War is declared

Britain declared war on 4th August 1914. The immediate reaction, as reported in the Barrhead News, was not too severe; the war seemed more of an inconvenience that dampened the mood, as local people prepared for the holiday season. At this point, no one imagined that the conflict would last very long.

At the start of the war there was no shortage of local men volunteering for the armed forces. This state of affairs was reflected on a wider scale. From the beginning of the war to December 1915, it is estimated that Scotland produced over 300,000 recruits. Glasgow alone raised 30,000 men in the first ten weeks of the war.

On 5th August 1914, the local Barrhead Territorials, 'G' company, 6th Argyll and Sutherland Highlanders, were mobilised. Eighty-four men under the command of Captain Hugh Locke prepared for duty. About a hundred army and navy reservists mobilised and joined their units.

On the same day, all local Busby territorials in the Highland Light Infantry, Cameronians and Argyll and Sutherland Highlanders reported to their respective HQs.

After 'G' company set off, two more battalions of Territorials were formed: 2/6th Battalion and 3/6th Battalion of the Argyll and Sutherland Highlanders. These became draft finding units and sent thousands of men to war over the next four years.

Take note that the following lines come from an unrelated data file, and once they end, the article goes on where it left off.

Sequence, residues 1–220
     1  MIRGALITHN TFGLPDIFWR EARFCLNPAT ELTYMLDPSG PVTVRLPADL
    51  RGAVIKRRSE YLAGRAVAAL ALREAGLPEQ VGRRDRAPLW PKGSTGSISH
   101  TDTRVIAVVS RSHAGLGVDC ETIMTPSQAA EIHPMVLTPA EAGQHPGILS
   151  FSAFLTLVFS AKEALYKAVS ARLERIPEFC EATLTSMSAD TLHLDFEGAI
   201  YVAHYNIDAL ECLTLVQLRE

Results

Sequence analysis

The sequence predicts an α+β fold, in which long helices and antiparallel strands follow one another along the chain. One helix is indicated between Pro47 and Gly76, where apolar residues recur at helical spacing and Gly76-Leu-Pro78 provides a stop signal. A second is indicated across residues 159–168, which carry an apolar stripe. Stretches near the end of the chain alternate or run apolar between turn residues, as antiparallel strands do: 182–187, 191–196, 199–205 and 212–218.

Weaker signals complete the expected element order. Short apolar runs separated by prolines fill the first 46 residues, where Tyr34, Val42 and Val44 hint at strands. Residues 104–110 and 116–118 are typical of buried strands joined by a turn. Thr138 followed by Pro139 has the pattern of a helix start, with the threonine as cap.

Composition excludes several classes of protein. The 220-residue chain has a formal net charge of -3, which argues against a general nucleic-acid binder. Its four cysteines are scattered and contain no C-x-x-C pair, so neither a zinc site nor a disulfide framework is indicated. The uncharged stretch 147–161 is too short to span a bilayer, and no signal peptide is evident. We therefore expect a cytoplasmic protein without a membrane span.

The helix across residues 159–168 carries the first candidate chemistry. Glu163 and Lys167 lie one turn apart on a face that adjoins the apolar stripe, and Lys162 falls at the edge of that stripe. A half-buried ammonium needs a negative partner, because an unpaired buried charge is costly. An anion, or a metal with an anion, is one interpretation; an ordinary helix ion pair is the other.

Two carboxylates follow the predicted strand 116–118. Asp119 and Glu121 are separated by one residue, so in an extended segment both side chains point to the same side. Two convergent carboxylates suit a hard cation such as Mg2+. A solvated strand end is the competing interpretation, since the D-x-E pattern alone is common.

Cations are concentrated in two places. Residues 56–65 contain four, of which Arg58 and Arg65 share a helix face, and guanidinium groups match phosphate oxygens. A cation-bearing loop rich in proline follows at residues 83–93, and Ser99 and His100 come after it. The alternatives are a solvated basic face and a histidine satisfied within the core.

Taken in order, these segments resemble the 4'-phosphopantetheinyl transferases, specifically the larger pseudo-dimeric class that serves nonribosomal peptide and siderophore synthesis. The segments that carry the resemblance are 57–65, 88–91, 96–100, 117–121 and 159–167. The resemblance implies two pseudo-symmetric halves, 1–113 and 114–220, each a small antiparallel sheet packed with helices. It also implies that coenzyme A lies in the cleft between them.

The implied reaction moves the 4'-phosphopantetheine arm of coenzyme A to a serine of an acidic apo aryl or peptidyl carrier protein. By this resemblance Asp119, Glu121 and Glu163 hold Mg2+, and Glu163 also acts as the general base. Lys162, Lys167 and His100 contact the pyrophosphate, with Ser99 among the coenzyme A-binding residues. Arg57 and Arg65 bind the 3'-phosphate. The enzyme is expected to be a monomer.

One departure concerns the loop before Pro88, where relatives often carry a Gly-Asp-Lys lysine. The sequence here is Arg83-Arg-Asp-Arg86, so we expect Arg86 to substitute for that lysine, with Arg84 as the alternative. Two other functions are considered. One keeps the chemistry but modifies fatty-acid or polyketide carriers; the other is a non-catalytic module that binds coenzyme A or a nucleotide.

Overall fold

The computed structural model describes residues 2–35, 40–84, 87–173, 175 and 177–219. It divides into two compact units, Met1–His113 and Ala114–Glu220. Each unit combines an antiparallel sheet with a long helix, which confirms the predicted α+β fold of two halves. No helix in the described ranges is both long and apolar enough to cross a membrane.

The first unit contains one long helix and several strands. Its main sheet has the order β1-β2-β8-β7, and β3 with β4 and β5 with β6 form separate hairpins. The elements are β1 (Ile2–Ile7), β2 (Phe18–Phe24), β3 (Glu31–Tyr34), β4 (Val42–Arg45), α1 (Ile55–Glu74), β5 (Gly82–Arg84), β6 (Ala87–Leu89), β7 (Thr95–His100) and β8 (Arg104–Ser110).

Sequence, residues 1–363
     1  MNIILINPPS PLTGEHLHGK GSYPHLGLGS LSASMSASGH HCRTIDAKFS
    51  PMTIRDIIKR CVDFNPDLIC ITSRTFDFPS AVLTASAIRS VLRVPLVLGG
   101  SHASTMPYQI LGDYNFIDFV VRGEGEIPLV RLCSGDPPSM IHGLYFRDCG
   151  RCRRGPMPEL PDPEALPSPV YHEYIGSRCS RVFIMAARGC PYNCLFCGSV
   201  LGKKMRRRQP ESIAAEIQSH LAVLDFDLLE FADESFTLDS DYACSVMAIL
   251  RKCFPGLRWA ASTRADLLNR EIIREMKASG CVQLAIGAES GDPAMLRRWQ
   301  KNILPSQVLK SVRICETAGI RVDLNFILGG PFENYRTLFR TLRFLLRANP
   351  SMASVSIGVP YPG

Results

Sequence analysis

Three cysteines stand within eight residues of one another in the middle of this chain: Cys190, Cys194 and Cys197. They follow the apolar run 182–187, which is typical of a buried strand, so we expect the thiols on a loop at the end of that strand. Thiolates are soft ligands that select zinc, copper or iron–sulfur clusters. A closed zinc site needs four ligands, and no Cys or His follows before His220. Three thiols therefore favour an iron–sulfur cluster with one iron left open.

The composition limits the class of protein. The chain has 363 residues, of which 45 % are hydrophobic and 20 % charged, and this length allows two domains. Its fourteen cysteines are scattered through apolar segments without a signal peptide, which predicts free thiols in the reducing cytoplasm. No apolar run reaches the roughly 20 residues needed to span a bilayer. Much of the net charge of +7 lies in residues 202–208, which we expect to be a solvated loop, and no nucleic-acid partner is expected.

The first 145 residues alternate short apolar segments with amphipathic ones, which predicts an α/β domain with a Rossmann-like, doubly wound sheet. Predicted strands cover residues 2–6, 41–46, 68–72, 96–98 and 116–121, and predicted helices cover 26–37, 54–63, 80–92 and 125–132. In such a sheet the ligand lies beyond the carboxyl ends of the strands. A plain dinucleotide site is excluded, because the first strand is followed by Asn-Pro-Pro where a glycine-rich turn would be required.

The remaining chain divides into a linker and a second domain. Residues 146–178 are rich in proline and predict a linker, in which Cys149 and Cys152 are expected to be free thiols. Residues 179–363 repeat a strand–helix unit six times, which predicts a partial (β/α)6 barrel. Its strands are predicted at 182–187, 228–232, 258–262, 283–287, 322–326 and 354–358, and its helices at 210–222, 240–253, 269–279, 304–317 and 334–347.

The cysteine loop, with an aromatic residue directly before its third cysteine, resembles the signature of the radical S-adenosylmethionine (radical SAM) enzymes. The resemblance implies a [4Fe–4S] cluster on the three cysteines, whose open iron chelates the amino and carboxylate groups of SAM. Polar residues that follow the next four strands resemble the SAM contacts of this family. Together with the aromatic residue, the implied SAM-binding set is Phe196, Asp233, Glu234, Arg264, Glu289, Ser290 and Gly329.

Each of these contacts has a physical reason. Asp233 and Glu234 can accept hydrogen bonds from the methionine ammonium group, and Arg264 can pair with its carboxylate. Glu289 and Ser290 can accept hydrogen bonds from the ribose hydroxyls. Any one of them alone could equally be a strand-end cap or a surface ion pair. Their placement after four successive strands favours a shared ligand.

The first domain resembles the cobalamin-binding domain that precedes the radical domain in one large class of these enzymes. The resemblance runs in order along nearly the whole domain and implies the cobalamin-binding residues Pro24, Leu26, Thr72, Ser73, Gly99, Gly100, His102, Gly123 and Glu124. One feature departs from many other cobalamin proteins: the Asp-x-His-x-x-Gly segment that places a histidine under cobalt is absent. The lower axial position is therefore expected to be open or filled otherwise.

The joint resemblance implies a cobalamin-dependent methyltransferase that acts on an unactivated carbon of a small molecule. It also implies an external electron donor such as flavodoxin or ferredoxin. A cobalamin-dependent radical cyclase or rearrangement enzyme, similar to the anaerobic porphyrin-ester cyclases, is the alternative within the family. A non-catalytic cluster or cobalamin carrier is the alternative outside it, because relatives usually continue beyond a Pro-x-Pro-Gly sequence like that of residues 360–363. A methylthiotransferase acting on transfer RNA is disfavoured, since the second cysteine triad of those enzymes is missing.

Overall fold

By the end of September 1914, over one hundred men from Busby were serving in the Army or Navy. Many Busby men responded to Lord Kitchener's famous 'Your Country Needs You' recruitment drive, with most serving in the 9th or 15th (Scottish) Divisions. The 9th Division was the senior Division in the New Army.

J. J. Laws, the local Neilston historian, recounted his memory of going to Loch Libo Road as a young boy, to see a battalion of Highlanders who had marched from Irvine, recruiting volunteers along the way. A number of young men from Neilston entered the ranks of civilians who had already joined. They continued on their way to Maryhill barracks, where most of them became recruits. The bottom photograph shows soldiers from the 9th Battalion of the Highland Light Infantry arriving in Southampton in November 1914.

The enthusiasm for signing up was not limited to those who were eligible to fight. The Southern Press newspaper of 11th Sept 1914 published a poem by a Clarkston lady, urging mothers to let their sons go off to do their duty:

'Our country is calling to mothers
Will you send us your sons - today
Or selfishly keep them beside you
While other folks sons ride away?'